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CORRECTED-Euro zone bonds hold ground as investors remain cautious

(Corrects Italian bond auction maturities, reference story in last paragraph)

* Euro zone periphery govt bond yields tmsnrt.rs/2ii2Bqr

AMSTERDAM, Oct 27 (Reuters) - Euro zone bond yields held their ground on Tuesday as the continued rise in coronavirus cases and the lack of progress on U.S. stimulus kept investors cautious before Thursday’s European Central Bank meeting.

White House economic adviser Larry Kudlow said on Monday that talks over a coronavirus relief package have slowed, although House Speaker Nancy Pelosi remained hopeful an agreement could be reached before the Nov. 3 election.

At the ECB meeting, the bank is not expected to change its policy, but investors will watch for hints on how likely it is to add to its bond purchases in December.

“Ahead of ECB on Thursday and the U.S. presidential election in just one week, we expect EGB (euro government bond) markets to stay in a tight range with no additional risk positions being taken on,” Piet Haines Christiansen, chief analyst at Danske Bank, told clients.

Germany’s 10-year bond yield was unchanged at -0.58% in early trade.

Although rising coronavirus cases across Europe continue to cause alarm, the safe-haven German bond’s yield was above its lowest since March at nearly -0.64%, which it reached earlier in October as the second wave of coronavirus broke in European markets.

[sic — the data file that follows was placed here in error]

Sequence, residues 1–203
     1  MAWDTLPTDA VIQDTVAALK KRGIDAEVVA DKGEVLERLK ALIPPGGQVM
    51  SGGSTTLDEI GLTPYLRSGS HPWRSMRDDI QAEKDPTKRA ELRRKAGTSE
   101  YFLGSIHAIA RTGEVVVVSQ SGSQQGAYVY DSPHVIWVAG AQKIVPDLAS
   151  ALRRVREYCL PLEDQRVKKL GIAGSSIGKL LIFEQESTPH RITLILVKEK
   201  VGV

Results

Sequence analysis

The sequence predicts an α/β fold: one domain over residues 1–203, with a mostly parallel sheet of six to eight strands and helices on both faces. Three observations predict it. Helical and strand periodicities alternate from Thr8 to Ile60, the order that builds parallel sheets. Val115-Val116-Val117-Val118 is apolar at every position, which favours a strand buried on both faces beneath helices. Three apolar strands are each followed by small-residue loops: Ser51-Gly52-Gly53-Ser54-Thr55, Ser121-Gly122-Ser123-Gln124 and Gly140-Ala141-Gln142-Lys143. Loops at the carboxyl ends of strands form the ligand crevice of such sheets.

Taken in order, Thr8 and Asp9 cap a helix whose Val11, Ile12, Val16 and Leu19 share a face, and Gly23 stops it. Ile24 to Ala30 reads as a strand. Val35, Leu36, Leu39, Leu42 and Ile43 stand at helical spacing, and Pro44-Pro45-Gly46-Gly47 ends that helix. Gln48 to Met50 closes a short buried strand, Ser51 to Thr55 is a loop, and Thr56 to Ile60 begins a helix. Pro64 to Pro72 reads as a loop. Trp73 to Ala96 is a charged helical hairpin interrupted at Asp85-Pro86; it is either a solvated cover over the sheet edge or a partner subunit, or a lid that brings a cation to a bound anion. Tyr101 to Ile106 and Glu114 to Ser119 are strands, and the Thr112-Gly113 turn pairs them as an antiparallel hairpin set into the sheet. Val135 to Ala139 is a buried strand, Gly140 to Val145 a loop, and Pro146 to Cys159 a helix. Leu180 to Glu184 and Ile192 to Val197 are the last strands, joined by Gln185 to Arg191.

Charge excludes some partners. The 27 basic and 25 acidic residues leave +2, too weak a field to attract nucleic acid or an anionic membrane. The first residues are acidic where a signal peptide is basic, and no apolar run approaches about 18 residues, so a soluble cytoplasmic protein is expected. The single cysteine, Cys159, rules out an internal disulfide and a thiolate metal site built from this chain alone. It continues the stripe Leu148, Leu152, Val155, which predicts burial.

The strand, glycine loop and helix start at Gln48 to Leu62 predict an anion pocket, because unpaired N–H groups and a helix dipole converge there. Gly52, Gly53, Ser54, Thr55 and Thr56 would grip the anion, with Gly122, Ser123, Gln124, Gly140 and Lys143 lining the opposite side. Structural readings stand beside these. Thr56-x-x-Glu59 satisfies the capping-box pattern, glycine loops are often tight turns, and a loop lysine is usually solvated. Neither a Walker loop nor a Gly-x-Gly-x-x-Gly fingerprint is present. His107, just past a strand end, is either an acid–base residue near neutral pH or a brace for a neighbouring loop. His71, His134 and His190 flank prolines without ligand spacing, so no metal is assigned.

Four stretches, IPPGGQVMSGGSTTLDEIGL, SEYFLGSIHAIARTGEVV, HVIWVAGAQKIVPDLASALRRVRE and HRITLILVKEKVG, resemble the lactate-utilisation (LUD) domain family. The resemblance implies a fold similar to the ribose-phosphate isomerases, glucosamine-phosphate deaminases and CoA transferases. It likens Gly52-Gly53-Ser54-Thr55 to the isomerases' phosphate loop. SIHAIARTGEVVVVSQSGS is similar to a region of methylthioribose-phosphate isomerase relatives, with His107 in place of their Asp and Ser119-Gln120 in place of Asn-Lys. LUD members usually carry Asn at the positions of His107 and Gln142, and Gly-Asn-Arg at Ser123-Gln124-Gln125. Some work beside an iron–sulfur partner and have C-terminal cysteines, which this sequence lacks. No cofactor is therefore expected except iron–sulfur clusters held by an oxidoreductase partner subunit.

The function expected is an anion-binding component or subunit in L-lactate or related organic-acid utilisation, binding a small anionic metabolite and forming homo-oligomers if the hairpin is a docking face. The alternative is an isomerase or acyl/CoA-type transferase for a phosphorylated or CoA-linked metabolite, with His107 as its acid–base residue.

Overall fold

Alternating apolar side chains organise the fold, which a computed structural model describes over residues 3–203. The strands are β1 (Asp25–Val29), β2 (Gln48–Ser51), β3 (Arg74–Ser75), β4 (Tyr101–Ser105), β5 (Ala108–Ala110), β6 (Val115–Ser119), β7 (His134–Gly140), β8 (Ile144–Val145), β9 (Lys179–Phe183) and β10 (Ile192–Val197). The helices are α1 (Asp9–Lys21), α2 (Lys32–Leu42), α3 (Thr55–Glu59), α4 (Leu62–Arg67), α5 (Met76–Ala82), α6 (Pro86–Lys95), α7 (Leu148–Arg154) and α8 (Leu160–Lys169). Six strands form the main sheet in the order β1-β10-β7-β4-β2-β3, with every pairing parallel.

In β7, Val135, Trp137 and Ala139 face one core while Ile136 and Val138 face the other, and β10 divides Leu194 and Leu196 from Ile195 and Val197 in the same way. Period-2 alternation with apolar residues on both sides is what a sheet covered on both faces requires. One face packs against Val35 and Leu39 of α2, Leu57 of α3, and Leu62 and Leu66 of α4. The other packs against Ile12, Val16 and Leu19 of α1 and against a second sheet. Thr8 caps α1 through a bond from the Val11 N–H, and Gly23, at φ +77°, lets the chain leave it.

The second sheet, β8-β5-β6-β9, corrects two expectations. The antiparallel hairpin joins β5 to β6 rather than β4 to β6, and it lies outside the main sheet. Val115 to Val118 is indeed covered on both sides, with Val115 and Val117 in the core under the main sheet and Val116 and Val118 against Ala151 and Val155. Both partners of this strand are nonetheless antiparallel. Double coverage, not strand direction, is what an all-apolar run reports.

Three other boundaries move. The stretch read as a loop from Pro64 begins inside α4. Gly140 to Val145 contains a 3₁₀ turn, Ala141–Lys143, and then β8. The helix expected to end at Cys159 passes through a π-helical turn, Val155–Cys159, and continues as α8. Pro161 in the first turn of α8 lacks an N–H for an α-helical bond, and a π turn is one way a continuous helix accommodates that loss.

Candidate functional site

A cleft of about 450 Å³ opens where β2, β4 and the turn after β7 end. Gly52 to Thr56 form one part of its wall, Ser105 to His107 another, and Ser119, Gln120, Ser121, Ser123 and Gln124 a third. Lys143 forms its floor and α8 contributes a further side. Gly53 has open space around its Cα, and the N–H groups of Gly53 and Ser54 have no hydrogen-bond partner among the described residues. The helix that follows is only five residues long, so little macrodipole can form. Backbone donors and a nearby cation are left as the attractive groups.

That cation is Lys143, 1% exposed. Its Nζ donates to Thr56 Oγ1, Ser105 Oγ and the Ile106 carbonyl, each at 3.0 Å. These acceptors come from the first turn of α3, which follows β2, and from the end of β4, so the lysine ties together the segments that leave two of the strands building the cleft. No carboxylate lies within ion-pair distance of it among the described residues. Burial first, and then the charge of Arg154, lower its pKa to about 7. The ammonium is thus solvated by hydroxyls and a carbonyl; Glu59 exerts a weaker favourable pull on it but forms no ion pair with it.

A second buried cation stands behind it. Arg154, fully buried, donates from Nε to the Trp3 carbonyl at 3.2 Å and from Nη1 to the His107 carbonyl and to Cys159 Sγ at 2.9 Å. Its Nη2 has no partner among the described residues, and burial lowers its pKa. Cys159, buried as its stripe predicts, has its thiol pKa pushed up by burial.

Italian 10-year bond yields, which fell as much as 9 basis points on Monday to a one-week low after S&P lifted the outlook on Italy’s credit rating, were unchanged at 0.73%.

Italian bonds had already erased much of their gains in later trading on Monday amid the coronavirus worries and the setback to U.S. stimulus hopes.

That means the gap between Italian and German 10-year yields -- effectively the risk premium on Italian debt -- is just 3 basis points lower than Friday’s close, prior to S&P’s outlook upgrade, at 129 basis points.

In the primary market, Italy raised 3.25 billion euros in an auction of an inflation-linked bond due 2026 and a two-year zero-coupon bond. (Reporting by Yoruk Bahceli, editing by Larry King)

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